You Really Don't Need Protected Members

When Swift's access controls were introduced I wrote about how they worked like C's with good use of internal and external headers. I've recently been asked about how to do access private properties when subclassing and thought it would be worth sharing the conversation.

If you are new to Swift's access controls I suggest you look at the previous post (same link as above) first as this is the refinement and conclusion (in my mind) of an issue that I an open question when I wrote that. If you are new to programming then this post is probably one to skip as it is more about comparing how things can be done in Swift that people are used to doing a certain way in Java than something meant as an introduction to the concepts.

I’ve a question in context of open/closed principle (Software entitles should be open for extension but closed for modification.), coming from Java, AS3 background highly influenced by the Design Patterns book by the Gang of Four, the way I see protected is so that work can be extended by other people. 

How can I fully extend a class in it’s entirety without access to it’s private members, surely I can override methods but that won’t be enough.

The only way I could think is to approach this by declaring everything public or have a getter setter for each but then I’m violating “Encapsulation” principle
The short version is I would design the system in such a way to avoid requiring any inheritance apart from the specifically designed to inherit from system classes (NSObject, UIView, UIViewController etc.).
It has been a while since I read GoF and my recent code has been much more influenced by the functional school. Immutable over mutable. Structs over objects. If objects are used prefer composition and encapsulation to inheritance. Use protocols to separate the components and allow dependency injection for testing and substitutability.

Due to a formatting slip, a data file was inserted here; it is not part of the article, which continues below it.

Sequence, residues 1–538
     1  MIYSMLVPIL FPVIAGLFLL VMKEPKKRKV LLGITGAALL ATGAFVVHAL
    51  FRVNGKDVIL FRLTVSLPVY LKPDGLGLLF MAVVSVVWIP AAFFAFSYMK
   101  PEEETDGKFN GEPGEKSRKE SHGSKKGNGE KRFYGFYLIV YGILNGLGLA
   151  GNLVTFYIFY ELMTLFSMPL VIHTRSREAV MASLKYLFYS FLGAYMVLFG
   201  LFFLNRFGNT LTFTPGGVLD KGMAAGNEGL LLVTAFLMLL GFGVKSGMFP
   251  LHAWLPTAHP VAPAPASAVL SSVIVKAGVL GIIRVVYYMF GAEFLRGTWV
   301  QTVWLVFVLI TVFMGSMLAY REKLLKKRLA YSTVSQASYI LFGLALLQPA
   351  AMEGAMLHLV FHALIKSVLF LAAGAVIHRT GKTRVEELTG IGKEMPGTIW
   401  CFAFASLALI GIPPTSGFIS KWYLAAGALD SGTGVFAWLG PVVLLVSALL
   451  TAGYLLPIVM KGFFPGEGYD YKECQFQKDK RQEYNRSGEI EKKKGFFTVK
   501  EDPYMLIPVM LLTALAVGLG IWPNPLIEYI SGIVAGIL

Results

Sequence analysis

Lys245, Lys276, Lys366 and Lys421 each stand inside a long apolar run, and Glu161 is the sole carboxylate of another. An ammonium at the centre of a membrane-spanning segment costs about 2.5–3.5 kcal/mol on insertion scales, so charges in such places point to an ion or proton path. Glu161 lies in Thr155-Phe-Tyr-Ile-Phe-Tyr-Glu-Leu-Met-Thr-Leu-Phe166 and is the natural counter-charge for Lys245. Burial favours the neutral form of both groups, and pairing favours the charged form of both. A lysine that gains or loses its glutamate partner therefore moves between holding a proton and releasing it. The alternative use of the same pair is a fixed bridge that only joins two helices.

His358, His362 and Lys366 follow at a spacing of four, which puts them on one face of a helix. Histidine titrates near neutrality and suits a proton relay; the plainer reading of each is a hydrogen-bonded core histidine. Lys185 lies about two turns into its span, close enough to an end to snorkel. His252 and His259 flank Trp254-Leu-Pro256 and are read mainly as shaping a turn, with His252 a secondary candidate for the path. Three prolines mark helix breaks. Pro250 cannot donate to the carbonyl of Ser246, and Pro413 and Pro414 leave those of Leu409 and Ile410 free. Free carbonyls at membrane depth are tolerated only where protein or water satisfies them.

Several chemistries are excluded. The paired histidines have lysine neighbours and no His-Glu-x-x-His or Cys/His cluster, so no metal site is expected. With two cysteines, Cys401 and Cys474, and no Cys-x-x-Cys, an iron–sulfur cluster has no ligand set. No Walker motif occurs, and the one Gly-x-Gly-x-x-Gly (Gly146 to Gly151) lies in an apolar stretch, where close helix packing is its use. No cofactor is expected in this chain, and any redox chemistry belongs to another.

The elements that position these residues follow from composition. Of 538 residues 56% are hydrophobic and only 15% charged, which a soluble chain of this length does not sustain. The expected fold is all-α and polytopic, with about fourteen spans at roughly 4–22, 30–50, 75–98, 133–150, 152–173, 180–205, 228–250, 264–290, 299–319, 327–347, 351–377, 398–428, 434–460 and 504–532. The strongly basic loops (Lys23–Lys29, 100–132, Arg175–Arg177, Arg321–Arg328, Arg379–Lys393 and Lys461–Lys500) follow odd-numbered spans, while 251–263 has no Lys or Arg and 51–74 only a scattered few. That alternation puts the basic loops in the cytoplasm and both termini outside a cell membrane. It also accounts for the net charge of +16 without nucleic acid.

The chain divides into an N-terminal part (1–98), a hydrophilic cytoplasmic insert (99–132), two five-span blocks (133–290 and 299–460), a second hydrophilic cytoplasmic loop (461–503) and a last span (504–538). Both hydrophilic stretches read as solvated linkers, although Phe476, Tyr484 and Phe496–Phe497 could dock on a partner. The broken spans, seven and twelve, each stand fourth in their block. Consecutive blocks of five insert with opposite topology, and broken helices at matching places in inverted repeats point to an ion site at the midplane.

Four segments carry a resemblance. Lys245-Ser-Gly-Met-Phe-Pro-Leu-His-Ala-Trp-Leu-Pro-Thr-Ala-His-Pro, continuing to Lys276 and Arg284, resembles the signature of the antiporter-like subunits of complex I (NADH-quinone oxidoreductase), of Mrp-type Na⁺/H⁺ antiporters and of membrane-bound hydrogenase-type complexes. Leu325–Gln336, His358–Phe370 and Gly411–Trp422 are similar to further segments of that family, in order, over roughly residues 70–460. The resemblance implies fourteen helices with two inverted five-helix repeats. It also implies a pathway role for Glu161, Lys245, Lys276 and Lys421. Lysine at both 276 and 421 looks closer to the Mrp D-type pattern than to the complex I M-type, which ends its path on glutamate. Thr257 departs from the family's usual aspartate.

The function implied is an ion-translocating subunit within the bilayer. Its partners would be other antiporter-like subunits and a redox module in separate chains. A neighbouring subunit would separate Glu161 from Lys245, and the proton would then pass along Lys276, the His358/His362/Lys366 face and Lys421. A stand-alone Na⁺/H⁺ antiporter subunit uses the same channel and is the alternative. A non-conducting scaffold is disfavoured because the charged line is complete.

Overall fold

In my opinion you shouldn't be inheriting from classes not explicitly designed for it. Anything changing private members is very much inside the class and you are exceedingly strongly coupled to parent class implementation details. I'm increasingly dissatisfied with (implementation) inheritance generally and there are usually alternatives such as the delegate pattern (pretty sure that is in GoF too) commonly used in the Cocoa frameworks. 

I don't see good reasons why properties that can be safely manipulated by subclasses can't be safely manipulated by other code and if there was a protected category that would only serve to force people to subclass if they ever wanted to change those properties.
Thanks Joseph for your answer and a different light, sure composition is better than inheritance, but even then in context of this case where super class needs to have one of it’s private property to be set by the inherited class, whether using inheritance or composition both needs to be set.

Well in the meantime I put myself in other people shoes who’d be extending classes and noticed that if they need to change some private property of the parent class (parent is dependent on this), I’d provide a public interface/func for that while keeping the var private, that solves the problem, and I’m kinda starting to see that I can live without protected.

However, if and ever the need arise which shouldn't, I think the mix and match of extensions and composition/inheritance would do the job.
If it needs to be set it should be public. Protected is only advisory anyway because you can always subclass and expose if necessary. You need to decide if the property is part of the public interface or not. You shouldn't force inheritance on consumers of your API.

Get Some of the Benefits of Protected with a Protocol

One option for your own classes is to define a protocol that exposes the functions and properties that will generally be used by external clients but have the class expose the implementation detail properties that you might need to tweak in a subclass or in customising the behaviour of an encapsulated class or in a factory function. This way you can store the object as the protocol type and only have access to the really public elements with appropriate code completion.

* This conversation has been reformatted and lightly edited slightly from the original email conversation to make for a better blog post.